I have over a decade of professional C++ experience, but I don’t call myself a “C++ Programmer.” Am I competent with programming in C++? Yes, very much so. But I refuse to let my skills be pigeon-holed by the language I’ve historically used. Nor should you.
Use the right tool for the job, the saying goes, and software development is no exception. Programming languages, frameworks, and other tools are the subject of religious-caliber debate but they are just means to a greater end. This article is a call to both programmers and their managers: a good programmer cannot be summed up by the list of tools they use.
John K. Ousterhout, in this highly-recommended article, splits programming languages into two very rough categories: systems languages (C, Java, etc.) and scripting languages (Perl, Ruby, etc.). Even from the simplistic metric of “machine instructions per line of code” it should be obvious that some tasks are best suited for a systems language and others for a scripting language. Device drivers need to be very fast and very efficient. It’s worth writing them in C, and doing so in any other language would be painful anyway. C is simply the tool for the job. (Or C++ if you know what you’re doing.)
How about a web interface for a database? The job is largely one of connections and business logic: take data in, apply rules and transformations to it, spit data back out. Scripting languages are great at that. They have all kinds of features for data manipulation and they’re easy to interface with external resources.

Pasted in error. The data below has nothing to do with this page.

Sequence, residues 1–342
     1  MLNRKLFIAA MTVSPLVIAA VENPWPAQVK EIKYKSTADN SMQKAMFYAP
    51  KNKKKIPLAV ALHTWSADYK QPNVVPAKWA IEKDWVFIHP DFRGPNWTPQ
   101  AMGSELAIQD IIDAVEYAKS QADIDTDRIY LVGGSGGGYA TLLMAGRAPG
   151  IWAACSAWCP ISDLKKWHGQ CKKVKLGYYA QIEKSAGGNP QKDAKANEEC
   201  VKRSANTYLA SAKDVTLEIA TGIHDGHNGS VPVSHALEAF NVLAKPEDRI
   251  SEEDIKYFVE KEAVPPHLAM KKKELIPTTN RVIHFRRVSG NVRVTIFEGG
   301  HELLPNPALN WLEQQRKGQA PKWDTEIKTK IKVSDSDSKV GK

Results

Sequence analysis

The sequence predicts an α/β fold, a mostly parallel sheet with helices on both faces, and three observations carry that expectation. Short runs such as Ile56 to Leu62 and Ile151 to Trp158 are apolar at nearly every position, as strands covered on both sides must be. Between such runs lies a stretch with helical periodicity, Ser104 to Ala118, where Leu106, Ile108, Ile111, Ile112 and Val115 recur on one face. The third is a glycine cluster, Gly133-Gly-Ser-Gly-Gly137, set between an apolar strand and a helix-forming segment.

There are other axes besides “instructions per line of code.” Objective CAML is nearly as fast as C, for example, yet it’s a completely different beast. Factors such as approaching problems in the functional vs. imperative style can be significant to both developer and machine efficiency. Another huge factor is libraries, e.g. part of Perl’s popularity is rooted in its huge archive of modules.
Use the Right Tool for the Job
Any programmer that’s earned their stripes has seen it: the massive C++ (or whatever) application that could have been written in 1⁄100 the lines of code in Ruby (or whatever). It would have been much easier to create, work just as well in production, and be easier to maintain. But early in the game a C++ programmer was faced with starting the application, so he started writing it in, needless to say, C++.
Foolish consistency is the hobgoblin of small minds.
– Ralph Waldo Emerson
The talented programmer has more than one tool in the toolbox. Just as a carpenter doesn’t build a house using only a hammer, a programmer doesn’t need to bludgeon every problem into submission with C++. Use the right tool for the job. Before starting a project, step back and consider: what’s the most efficient way to solve this problem? And what’s the right tool?
A programmer is more hindered than the carpenter in choosing their tools, however, because their coworkers must be able to maintain the code. They may need to find one systems language and one scripting language the team can agree on. That said, it sometimes takes a maverick to force the issue – rather than just causing trouble by developing a project in Python instead of the management-approved language, the maverick may be doing everyone a favor in the long run.
The Programmer’s Responsibility
In school there’s a good chance you were educated in the popular systems programming language of the day: assembly, Pascal, C, C++, now Java. If you’ve been out of school more than ten years, chances are that language is starting to look a little… antiquated. Whose responsibility is it to keep your toolbox current?
It’s up to you, of course. Your current job might be writing C with Win32 APIs, and you’re worried that you’ll need to know .NET for your next job. So learn it. Convince your company to learn it on their time, or learn it on your own, but get it done. Your professional growth is a longer-term issue than the current project you’re working on – and much more important (to you).